He looked at them and said, “Go and show yourselves unto the priests.” The narrative then says, “and it came to pass, as they went, they were cleansed.” One of the ten, “when he saw he was healed, turned back, with a loud voice glorifying God, and he fell on his face at Christ’s feet, giving him thanks.”

Jesus appreciated the fact that this man, identified as a Samaritan, or one not of the regular community, had the gratitude to come back and say, “THANK YOU.” Jesus seemed puzzled, however, that the remainder apparently felt no compulsion to return and express gratitude. Jesus . .  . like us, showed his puzzlement at the lack of outward gratitude by the question, “but where are the nine?”

This narrative sets off our imagination. What DID happen to the other nine? Let’s speculate a bit.

Maybe one of them was so excited at being healed that he headed quickly for home and his family with no thought for how he was healed. 

Another may have thought, “This is a trick, I’m not really healed. Tomorrow I’ll be back like I was.”

The third may have gone to the priest and was rebuked for going near that faith healer in the first place, so, he just went off and hid in embarrassment.

Maybe another was a good time fellow. I can see him jumping up, clicking his heels, running toward the local tavern and saying, “Wine, women, and song, here I come!”

Another, perhaps, was so overjoyed at being healed that he spent the next few days visiting all the friends and relatives he could find to show how well he was.

Perhaps another went to find some new clothes.

Another may have been a businessman, so he hurried back to see what he could salvage as he started over.

Another many have considered healing as Christ’s just dues to society. After all, he may have been angry at God over being plagued with this illness in the first place.

It could be that another decided to go straight back to the leper colony and help those that were still suffering from the dreaded disease.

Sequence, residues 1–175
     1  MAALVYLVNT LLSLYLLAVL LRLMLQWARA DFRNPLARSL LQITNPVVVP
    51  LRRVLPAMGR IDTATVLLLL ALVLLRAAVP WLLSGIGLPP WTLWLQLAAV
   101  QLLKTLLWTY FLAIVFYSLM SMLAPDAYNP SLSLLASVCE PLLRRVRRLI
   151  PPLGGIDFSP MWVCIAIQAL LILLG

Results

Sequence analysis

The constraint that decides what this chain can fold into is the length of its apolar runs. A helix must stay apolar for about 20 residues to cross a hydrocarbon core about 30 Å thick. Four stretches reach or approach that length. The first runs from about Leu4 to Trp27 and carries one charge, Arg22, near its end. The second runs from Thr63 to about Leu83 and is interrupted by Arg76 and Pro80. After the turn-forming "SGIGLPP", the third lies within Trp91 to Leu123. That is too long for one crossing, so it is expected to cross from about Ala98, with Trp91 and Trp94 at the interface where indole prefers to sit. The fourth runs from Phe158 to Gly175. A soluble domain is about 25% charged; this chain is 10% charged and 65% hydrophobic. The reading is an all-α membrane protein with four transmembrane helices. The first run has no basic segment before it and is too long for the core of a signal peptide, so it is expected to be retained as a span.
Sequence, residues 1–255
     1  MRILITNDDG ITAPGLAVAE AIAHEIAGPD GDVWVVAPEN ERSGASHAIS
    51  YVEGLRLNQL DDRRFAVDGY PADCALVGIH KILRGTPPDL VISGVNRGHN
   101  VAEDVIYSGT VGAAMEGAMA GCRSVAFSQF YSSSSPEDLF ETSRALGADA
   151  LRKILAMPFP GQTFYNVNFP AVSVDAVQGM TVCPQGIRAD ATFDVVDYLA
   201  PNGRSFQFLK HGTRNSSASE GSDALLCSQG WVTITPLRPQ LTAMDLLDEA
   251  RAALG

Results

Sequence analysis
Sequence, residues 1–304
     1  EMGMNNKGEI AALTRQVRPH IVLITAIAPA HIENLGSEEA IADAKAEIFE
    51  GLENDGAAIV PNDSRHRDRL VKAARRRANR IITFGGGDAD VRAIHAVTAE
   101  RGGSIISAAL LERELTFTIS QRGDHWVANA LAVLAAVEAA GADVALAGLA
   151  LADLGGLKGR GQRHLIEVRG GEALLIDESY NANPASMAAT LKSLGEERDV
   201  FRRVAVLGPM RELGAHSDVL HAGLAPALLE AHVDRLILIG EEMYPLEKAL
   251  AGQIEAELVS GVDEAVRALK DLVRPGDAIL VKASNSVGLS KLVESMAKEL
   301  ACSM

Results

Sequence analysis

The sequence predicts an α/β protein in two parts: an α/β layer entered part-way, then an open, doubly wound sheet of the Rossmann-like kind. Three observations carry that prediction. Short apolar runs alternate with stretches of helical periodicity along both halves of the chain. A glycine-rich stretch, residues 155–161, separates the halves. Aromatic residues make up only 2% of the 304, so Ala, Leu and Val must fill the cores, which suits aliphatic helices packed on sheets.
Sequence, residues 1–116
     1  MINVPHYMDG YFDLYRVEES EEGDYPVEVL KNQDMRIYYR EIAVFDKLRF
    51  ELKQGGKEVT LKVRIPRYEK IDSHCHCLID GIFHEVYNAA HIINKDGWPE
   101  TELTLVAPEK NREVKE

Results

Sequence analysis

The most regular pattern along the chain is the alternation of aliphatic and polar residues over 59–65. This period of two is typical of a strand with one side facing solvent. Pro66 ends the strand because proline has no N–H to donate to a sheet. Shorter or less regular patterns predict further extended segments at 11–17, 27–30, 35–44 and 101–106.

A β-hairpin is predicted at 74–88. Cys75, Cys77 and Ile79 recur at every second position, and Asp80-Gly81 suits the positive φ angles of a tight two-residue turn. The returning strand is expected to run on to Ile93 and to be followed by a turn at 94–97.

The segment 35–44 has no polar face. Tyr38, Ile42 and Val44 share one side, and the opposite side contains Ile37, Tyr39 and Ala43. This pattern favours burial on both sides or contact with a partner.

Whatever the reason for not returning, these nine people show that even though they received a gift, and were healed in body, they had a serious deficiency in spirt by not being able to express gratitude. It’s not our place to judge, but we can think.

Gratitude may not be as common a virtue as we generally believe. A person has to cultivate the virtue of gratitude.

Some people express gratitude so profusely as to seem insincere. Somewhat like Gomer Pyle with his overwhelming, “THANK YOU, THANK YOU, THANK YOU!” (For those who do not know what I am talking about you can go to YouTube and look at some of the videos. Isn’t it amazing that I must put this in here? — Tommy)

We must remember a gift given does not place a person in our debt. If the gift is given with the thought to put them in our debt, it’s only a manipulation and deserves no thanks at all. For one to express thanks in such circumstances is only an act of humiliation on their part.

There is nothing better than a simple, direct, sincere “Thank you,” and an equally sincere “You’re Welcome.”

Remember there are good deeds that we may do day by day for which we may not receive any pay, but one thing can be stated with certainty — OUR PAY IS OUT OF THIS WORLD.

Fayetteville Reflections January 1988